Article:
By Kathleen Rooney
In case anybody needed more proof that some kind of dark and bullying energy had been wreaking havoc with 2016, Greg Allen provided a heartbreaking example on the last day of November. Allen, the founder of the long-standing Neo-Futurist theater ensemble, announced that he was revoking his company’s rights to perform their signature late-night staple, “Too Much Light Makes the Baby Go Blind,” effective after their show on New Year’s Eve.
Since then, much has been written to dissect the reasons behind Allen’s announcement, as well as what the Chicago Neos have meant to the theater community of our city for close to three decades. But as the curtain falls abruptly on this first incarnation of “TMLMTBGB” and gets ready to rise on a new one, it’s worth taking a second to say that this show in particular and the Neos in general have been—and will continue to be—a crucial institution not only to performers and theater-goers but also to writers.
It would probably be an exaggeration for me to say, “If not for ‘TMLMTBGB,’ I would not be a writer.” But it would not be an exaggeration to say, “If not for ‘TMLMTBGB,’ I would not be the kind of writer that I currently am, meaning I would not be nearly as good, productive or joyful.” Probably both this city and this country are full of writers who could say variations along those lines.
Intuition often precedes understanding. The first time I saw a performance of “TMLMTBGB,” I was just sixteen and my intuition told me that I was in the presence of something that wasn’t just engaging and entertaining but essential and life-changing. Sitting in that audience twenty years ago, I realized with amazement that a Neo-Futurist play could be about anything in any genre as long as it adhered to their stated mission of performing each one “from a perspective of complete honesty.”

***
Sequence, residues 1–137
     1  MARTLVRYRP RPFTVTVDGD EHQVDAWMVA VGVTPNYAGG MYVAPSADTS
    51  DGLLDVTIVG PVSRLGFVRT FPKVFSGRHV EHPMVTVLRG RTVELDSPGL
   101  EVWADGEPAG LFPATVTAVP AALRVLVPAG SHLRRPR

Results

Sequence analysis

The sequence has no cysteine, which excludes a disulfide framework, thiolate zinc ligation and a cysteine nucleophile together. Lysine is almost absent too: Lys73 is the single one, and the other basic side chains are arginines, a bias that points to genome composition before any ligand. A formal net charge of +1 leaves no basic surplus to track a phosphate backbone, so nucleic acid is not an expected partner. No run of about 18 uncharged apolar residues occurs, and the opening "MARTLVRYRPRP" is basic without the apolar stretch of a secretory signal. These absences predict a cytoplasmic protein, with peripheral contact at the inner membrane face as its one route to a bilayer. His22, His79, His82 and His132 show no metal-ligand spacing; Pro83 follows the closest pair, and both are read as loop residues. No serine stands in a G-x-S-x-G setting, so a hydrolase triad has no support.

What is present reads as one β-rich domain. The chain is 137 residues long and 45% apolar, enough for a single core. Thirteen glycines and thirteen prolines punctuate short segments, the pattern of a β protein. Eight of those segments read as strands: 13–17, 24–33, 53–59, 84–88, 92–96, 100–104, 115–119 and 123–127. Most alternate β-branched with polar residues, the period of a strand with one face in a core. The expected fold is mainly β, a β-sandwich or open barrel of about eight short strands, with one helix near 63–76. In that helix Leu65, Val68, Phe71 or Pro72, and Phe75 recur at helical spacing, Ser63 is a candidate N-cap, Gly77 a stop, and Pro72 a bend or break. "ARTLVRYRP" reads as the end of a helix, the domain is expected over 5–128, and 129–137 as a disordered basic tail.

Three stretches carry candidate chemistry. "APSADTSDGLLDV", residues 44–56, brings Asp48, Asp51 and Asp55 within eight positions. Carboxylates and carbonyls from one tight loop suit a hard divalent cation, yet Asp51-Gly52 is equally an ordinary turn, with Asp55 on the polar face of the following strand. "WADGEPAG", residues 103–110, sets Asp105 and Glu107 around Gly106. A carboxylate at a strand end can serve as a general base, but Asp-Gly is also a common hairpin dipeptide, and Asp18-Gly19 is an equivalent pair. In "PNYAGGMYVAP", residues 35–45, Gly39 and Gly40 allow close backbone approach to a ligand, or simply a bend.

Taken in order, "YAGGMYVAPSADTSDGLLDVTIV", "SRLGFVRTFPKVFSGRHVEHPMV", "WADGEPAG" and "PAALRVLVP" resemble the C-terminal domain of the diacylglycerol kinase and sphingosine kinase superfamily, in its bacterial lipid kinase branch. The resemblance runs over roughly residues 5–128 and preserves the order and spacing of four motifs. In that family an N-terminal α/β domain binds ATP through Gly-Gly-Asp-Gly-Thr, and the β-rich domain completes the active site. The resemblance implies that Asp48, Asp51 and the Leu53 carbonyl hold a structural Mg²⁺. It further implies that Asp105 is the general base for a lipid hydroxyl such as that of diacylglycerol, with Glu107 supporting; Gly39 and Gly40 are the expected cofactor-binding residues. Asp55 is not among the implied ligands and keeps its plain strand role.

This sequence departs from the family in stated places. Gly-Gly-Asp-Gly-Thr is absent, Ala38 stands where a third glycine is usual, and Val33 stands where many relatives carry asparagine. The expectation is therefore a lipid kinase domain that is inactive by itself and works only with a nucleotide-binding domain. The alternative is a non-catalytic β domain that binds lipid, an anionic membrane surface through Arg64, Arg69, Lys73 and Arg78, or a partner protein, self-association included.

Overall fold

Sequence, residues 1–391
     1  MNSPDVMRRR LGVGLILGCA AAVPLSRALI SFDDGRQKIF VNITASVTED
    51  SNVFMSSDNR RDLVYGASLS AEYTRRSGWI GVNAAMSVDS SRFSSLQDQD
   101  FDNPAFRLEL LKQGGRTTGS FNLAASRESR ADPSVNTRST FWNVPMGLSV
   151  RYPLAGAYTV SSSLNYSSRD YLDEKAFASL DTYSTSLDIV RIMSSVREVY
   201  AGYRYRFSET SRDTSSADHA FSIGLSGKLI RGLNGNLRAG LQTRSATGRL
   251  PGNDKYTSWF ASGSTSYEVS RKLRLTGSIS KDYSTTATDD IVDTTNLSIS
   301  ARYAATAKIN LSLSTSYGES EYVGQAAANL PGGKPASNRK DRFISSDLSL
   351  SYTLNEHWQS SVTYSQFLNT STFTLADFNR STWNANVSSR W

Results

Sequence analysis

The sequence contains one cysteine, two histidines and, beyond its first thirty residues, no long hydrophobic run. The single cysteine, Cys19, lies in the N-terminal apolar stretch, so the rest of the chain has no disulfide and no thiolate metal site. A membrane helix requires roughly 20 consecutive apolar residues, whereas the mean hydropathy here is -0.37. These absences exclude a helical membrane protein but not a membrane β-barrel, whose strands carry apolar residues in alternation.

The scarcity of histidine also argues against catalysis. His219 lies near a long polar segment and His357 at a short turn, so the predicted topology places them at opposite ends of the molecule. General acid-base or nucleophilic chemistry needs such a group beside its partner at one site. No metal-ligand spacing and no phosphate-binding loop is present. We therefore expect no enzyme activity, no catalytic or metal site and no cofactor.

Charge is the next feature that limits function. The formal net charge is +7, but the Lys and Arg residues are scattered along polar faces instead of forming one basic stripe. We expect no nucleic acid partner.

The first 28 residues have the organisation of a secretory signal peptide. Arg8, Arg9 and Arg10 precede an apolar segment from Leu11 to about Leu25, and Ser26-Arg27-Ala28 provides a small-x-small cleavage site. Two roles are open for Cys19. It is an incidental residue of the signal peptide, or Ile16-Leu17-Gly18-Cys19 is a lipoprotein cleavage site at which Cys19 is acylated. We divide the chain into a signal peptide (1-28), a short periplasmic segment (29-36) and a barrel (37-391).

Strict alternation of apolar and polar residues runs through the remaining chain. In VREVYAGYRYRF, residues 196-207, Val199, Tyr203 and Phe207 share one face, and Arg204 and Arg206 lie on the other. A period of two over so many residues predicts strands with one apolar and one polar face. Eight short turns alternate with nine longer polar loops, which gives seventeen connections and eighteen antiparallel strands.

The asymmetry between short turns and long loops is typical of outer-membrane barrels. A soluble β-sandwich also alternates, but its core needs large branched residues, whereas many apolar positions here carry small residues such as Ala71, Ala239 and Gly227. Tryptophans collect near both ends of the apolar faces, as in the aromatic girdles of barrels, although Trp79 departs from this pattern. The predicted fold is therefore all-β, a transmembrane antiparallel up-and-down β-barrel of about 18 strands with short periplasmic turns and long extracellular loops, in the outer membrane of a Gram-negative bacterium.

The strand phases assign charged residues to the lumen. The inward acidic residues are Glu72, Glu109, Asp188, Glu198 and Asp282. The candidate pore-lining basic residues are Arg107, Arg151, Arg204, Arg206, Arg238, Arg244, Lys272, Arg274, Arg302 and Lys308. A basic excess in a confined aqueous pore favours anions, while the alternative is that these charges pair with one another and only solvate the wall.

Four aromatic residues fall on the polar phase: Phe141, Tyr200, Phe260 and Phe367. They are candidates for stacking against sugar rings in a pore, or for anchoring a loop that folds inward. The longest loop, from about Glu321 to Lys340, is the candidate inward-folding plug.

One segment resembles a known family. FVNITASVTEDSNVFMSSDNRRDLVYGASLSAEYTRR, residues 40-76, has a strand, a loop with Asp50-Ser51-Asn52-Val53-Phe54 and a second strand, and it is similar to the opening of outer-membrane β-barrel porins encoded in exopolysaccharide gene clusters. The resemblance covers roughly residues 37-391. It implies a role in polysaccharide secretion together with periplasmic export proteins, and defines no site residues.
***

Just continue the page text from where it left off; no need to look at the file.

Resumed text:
It took me a few more visits to figure out and be equally impressed by the fact that whatever else they might happen to be, Neo-Futurist plays are unfailingly about experimentation and vulnerability mixed with discipline and stamina.
“TMLMTBGB,” with its focus on brevity and compression as well as truth and true stories, has shown generations of Chicago writers—aspiring and established—an indispensable and accessible model for how to do both poetry and creative nonfiction in a way that really matters.
Equally admirable is that the methodology of “TMLMTBGB”—thirty plays in sixty minutes for three performances every weekend with several new plays added each week—is a thrilling example of how to take pleasure in cultivating a stunning work ethic. “TMLMTBGB” taught me not to mystify the source of my own written work as some kind of precious “inspiration” brought on by some capricious “muse” but as something that would get stronger and better the more I used it.
The other day at a holiday party, a friend asked me what I was most looking forward to in 2017. She said that her own answer was “Nothing” because of how dispirited and horrified she was by the fascistic Donald Trump. I saw her point and struggled for a minute to come up with a non-cynical answer. But when I did, it was two words: the Neos.
As a writer and a fan, I can’t wait to see what the Chicago Neos—and the ones in New York and San Francisco—will do next. Given their talent, humor, compassion and hard work, there can be no doubt that the ensembles will rise like phoenixes from the ashes of Allen’s lukewarm ego and continue to be the vital, vibrant, democratic and inspiring part of our city that they have been consistently for the past twenty-eight years.
Whatever format their new late-night offering ends up taking, I predict that it will still give me—and countless other admirers—the feeling that always seems to hang in the air like the best kind of weather at the end of every Neo show: Now let’s all get out there and make some art.